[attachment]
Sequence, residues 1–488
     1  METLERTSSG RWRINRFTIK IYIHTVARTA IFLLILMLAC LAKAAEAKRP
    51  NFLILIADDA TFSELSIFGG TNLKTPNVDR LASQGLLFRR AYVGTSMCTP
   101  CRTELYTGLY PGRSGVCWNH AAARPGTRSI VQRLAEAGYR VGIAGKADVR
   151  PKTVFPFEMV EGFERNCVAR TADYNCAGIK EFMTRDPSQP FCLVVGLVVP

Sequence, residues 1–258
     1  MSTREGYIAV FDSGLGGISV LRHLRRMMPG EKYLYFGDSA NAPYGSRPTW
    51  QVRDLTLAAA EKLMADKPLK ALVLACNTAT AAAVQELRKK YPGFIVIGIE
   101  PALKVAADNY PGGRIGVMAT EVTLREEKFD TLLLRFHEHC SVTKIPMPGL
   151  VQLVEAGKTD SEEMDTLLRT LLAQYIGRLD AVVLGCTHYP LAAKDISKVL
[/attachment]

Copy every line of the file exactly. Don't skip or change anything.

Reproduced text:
Sequence, residues 1–488
     1  METLERTSSG RWRINRFTIK IYIHTVARTA IFLLILMLAC LAKAAEAKRP
    51  NFLILIADDA TFSELSIFGG TNLKTPNVDR LASQGLLFRR AYVGTSMCTP
   101  CRTELYTGLY PGRSGVCWNH AAARPGTRSI VQRLAEAGYR VGIAGKADVR
   151  PKTVFPFEMV EGFERNCVAR TADYNCAGIK EFMTRDPSQP FCLVVGLVVP

Sequence, residues 1–258
     1  MSTREGYIAV FDSGLGGISV LRHLRRMMPG EKYLYFGDSA NAPYGSRPTW
    51  QVRDLTLAAA EKLMADKPLK ALVLACNTAT AAAVQELRKK YPGFIVIGIE
   101  PALKVAADNY PGGRIGVMAT EVTLREEKFD TLLLRFHEHC SVTKIPMPGL
   151  VQLVEAGKTD SEEMDTLLRT LLAQYIGRLD AVVLGCTHYP LAAKDISKVL